Berlioz did not stop with solos for the principals but spread them evenly through the rest of the cast. Szilvia Vörös as Anna, Didon’s sister, displayed an uncommonly dark, alluring mezzo-soprano, undoubtedly the most voluptuous sound heard from the women of the cast. Narbal, Didon’s trusted minister, was the robust, clarion-voiced bass Jongmin Park, and her court poet, Iopas, was Paolo Fanale, a young lyric tenor with a silvery voice. Peter Kellner as Enée’s compatriot was a vivid presence on stage with a particularly appealing bass voice.
Benjamin Bruns as Hylas sang longingly and beautifully of the homeland that he will never again see. His refreshingly light tenor creating a perfect moment of repose amidst all the frenzy and passion. The duet of the two Trojan soldiers sung by Marcus Pelz and Ferdinand Pfeiffer provided the comic relief; they were quite content enjoying the comforts of Carthage, with no desire to shove off to face more sea voyages and battles.
In a league of their own in terms of brilliance and excitement were the electrifying performances of the chorus, orchestra and dancers. The female dancers were lithe and graceful as they moved about the stage, while their male counterparts took flight performing backflips, somersaults and handstands that repeatedly sent electrical charges through the house. The chorus wasn’t called upon to exert itself physically, but vocally they were every bit as impressive.
The orchestra was perhaps even more splendid. The brilliant playing of the offstage trumpets and the burnished sound of the horns were thrilling, but most imposing of all were the eight contrabasses with their backs against the apron of the stage playing directly to the audience in Act III. It is not often that one encounters such aural and physical sensations in an opera house.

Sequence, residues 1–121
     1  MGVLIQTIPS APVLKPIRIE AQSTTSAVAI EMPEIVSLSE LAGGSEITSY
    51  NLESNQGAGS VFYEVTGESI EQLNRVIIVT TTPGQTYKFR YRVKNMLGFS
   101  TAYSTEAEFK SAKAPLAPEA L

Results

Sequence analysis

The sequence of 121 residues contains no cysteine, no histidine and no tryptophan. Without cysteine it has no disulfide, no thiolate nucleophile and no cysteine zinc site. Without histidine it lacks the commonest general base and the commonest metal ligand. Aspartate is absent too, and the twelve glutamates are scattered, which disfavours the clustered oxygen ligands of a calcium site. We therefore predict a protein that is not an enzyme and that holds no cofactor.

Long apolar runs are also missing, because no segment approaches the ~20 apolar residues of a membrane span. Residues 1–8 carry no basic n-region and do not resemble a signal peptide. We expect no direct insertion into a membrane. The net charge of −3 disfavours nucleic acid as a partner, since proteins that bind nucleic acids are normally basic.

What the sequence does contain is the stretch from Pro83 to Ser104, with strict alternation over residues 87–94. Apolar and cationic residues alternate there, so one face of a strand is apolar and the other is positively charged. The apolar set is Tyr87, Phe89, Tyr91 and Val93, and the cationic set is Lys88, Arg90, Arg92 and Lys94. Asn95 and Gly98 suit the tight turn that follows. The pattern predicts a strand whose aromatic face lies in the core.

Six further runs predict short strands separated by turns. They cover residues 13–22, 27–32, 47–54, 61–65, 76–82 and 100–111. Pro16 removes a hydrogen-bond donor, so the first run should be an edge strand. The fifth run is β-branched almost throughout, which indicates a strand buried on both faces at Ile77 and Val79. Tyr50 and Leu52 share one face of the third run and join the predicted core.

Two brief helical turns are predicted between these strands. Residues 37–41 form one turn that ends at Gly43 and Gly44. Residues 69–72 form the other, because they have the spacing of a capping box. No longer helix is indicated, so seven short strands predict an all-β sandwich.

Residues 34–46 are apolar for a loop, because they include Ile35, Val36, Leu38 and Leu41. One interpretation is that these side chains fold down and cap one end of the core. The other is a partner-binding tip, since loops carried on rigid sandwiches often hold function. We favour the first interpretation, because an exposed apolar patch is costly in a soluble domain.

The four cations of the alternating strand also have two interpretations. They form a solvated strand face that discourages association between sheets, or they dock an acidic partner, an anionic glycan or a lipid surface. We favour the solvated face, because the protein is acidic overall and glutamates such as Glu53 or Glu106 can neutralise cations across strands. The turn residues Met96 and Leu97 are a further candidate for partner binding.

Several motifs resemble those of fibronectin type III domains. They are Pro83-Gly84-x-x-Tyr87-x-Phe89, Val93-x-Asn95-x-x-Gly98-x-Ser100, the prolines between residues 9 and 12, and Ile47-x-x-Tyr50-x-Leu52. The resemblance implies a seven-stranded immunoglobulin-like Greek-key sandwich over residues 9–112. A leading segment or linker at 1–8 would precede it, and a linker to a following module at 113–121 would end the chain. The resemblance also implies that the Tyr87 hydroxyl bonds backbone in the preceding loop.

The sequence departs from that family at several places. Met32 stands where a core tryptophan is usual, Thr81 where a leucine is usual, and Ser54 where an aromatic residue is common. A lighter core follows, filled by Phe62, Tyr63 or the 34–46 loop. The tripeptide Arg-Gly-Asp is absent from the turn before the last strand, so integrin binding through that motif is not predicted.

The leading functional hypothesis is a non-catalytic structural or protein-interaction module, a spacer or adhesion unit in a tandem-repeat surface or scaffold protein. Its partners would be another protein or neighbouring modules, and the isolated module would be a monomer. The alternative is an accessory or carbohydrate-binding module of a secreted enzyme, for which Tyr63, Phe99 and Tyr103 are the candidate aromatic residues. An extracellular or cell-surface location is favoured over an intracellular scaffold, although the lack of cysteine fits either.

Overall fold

Conductor Alain Altinoglu was in total command of the massive forces throughout the more than five-hour performance. He crafted transparent, scintillating accompaniments for the singers, while unleashing torrents of sound when balance was less of a concern. It was a bravura performance.
David McVicar updated the action to the mid-nineteenth century, mostly discernible in the costumes (except for those of Cassandra and Didon which were more like satiny negligees) and the debris of war that littered the stage. It was attractive enough, but any insights provided by setting it in more recent times passed me by.
The barrel-like set served as the walls of both Troy and Carthage, opening to reveal the horse made from the flotsam and jetsam of the decades-long conflict. Its real benefit was in providing an excellent platform to place the chorus who, like the eight double basses, could just plant themselves and sing.
For the Carthaginian scenes, a miniature reproduction of the city was manipulated in various ways to telegraph Didon’s transition from happy monarch to a forsaken, vengeful, suicidal woman. Mercury appeared as a giant black-winged creature and, as Didon hurled her final curses, Hannibal, constructed from the same metal elements as the Grecian horse, rose and towered over the burning pyre.